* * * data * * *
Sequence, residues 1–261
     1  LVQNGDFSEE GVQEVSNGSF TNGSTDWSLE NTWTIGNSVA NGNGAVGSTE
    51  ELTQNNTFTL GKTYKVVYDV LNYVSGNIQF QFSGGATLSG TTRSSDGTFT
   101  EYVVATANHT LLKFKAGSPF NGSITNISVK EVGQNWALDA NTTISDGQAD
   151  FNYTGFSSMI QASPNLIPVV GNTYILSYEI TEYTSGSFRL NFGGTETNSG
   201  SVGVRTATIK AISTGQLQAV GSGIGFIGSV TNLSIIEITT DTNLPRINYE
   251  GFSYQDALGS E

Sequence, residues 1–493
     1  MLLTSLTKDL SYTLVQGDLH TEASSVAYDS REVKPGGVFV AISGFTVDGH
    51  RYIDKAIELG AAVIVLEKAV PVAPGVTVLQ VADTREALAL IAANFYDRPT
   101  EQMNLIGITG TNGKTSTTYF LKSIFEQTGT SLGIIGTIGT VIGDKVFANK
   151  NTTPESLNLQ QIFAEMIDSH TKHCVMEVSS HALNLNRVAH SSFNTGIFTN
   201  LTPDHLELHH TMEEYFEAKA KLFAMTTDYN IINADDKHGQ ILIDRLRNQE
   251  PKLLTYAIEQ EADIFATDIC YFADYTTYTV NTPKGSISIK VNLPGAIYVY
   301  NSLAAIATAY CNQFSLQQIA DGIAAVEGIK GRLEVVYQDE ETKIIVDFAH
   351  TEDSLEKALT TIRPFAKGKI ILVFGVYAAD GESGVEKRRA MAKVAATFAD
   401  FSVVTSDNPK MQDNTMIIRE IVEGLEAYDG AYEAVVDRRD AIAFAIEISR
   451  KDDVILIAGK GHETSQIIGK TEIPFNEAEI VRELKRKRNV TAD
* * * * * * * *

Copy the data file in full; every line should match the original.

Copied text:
Sequence, residues 1–261
     1  LVQNGDFSEE GVQEVSNGSF TNGSTDWSLE NTWTIGNSVA NGNGAVGSTE
    51  ELTQNNTFTL GKTYKVVYDV LNYVSGNIQF QFSGGATLSG TTRSSDGTFT
   101  EYVVATANHT LLKFKAGSPF NGSITNISVK EVGQNWALDA NTTISDGQAD
   151  FNYTGFSSMI QASPNLIPVV GNTYILSYEI TEYTSGSFRL NFGGTETNSG
   201  SVGVRTATIK AISTGQLQAV GSGIGFIGSV TNLSIIEITT DTNLPRINYE
   251  GFSYQDALGS E

Sequence, residues 1–493
     1  MLLTSLTKDL SYTLVQGDLH TEASSVAYDS REVKPGGVFV AISGFTVDGH
    51  RYIDKAIELG AAVIVLEKAV PVAPGVTVLQ VADTREALAL IAANFYDRPT
   101  EQMNLIGITG TNGKTSTTYF LKSIFEQTGT SLGIIGTIGT VIGDKVFANK
   151  NTTPESLNLQ QIFAEMIDSH TKHCVMEVSS HALNLNRVAH SSFNTGIFTN
   201  LTPDHLELHH TMEEYFEAKA KLFAMTTDYN IINADDKHGQ ILIDRLRNQE
   251  PKLLTYAIEQ EADIFATDIC YFADYTTYTV NTPKGSISIK VNLPGAIYVY
   301  NSLAAIATAY CNQFSLQQIA DGIAAVEGIK GRLEVVYQDE ETKIIVDFAH
   351  TEDSLEKALT TIRPFAKGKI ILVFGVYAAD GESGVEKRRA MAKVAATFAD
   401  FSVVTSDNPK MQDNTMIIRE IVEGLEAYDG AYEAVVDRRD AIAFAIEISR
   451  KDDVILIAGK GHETSQIIGK TEIPFNEAEI VRELKRKRNV TAD